Debtors who file Chapter 13 bankruptcy will repay their debts partially or in full over a course of three to five years. Depending on their circumstances, they may be able to partially discharge their federal or state taxes. Below are a few rules debtors in Chapter 13 bankruptcy should know about tax debt:
- Tax debts generally are considered priority debts which must be paid 100% but there are cases when a tax debt loses its priority status. If a tax debt is older than 3 years old at the time that the debtor files Chapter 13 bankruptcy, it may be classified as a non-priority debt. However, a debt that is older than 3 years old may fall into the priority debt category if the debtor filed an extension or an offer to compromise on the tax debt prior to filing Chapter 13 bankruptcy.
- If a tax debt is older than three years old at the time of the Chapter 13 bankruptcy filing, the tax debt may be classified as a general unsecured claim. If the tax debt is considered a general unsecured claim, the debtor may be allowed to pay anywhere between 0% to 100% of the debt in Chapter 13 bankruptcy depending on their ability to pay.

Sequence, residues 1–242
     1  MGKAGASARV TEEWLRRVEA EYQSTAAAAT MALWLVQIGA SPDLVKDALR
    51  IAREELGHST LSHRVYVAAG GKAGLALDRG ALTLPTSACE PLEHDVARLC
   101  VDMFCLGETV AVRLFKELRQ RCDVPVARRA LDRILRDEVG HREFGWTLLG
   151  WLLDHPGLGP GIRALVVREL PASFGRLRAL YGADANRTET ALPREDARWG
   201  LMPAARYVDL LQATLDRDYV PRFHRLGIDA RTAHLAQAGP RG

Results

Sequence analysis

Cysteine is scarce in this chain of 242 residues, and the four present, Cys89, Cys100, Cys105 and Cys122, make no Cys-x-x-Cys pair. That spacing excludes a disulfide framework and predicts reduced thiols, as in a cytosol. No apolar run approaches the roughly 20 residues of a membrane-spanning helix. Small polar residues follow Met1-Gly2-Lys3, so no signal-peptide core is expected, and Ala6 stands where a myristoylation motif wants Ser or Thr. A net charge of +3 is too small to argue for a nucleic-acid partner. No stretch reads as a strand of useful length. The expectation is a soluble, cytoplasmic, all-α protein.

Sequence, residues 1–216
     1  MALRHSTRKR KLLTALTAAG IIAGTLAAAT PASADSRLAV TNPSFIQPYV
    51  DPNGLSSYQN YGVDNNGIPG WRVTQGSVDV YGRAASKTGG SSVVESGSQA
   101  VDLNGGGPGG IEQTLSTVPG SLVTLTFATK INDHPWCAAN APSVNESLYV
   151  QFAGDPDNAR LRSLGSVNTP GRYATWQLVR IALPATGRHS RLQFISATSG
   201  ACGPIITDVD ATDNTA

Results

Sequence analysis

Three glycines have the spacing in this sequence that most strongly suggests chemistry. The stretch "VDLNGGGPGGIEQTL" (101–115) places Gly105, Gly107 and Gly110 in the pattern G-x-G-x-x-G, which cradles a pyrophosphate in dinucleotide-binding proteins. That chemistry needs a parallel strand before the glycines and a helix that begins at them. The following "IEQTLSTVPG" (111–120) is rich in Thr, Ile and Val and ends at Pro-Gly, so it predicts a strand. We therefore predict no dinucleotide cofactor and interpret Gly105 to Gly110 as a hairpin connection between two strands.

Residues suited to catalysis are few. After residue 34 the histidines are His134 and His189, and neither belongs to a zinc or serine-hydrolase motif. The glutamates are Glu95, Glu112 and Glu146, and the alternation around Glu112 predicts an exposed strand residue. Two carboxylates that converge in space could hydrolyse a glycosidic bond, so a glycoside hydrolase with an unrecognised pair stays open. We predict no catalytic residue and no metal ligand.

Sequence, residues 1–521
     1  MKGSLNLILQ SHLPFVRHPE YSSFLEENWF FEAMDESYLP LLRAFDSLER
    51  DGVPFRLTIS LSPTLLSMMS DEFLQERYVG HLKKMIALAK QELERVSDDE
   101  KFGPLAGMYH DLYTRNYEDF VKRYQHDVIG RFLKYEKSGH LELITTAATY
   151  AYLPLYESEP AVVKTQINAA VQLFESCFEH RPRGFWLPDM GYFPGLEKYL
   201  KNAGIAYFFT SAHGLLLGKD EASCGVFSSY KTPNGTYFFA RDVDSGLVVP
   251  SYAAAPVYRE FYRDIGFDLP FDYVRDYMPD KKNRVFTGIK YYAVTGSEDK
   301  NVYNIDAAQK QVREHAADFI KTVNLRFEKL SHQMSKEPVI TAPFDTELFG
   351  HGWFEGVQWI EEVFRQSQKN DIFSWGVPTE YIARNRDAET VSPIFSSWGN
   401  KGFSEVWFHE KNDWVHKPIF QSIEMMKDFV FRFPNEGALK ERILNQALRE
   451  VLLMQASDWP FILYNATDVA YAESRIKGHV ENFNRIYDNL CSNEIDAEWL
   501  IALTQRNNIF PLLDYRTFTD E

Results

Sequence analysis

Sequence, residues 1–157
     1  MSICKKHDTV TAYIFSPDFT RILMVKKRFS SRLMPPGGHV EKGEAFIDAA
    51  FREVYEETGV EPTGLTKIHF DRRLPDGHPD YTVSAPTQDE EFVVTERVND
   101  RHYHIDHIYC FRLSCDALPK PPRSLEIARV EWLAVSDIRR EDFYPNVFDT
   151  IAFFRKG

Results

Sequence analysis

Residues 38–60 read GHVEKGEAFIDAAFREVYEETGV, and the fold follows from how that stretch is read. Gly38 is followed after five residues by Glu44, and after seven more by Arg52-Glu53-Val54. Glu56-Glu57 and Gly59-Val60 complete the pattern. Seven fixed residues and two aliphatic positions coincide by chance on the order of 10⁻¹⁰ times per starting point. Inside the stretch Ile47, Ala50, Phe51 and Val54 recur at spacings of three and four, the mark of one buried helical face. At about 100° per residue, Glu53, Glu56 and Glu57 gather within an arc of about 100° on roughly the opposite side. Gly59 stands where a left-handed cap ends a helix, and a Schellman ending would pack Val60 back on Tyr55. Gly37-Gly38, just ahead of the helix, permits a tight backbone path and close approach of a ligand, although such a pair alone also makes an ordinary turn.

- If a tax debt is secured by a lien, then that debt will be considered a secured debt and covered by the value of whatever property it is attached to. Secured tax debt cannot be discharged in bankruptcy and must be paid 100% generally speaking. For example, if a tax debt was secured by a lien on a debtor’s home, then that tax debt would not be dischargeable in bankruptcy and it must be repaid 100%.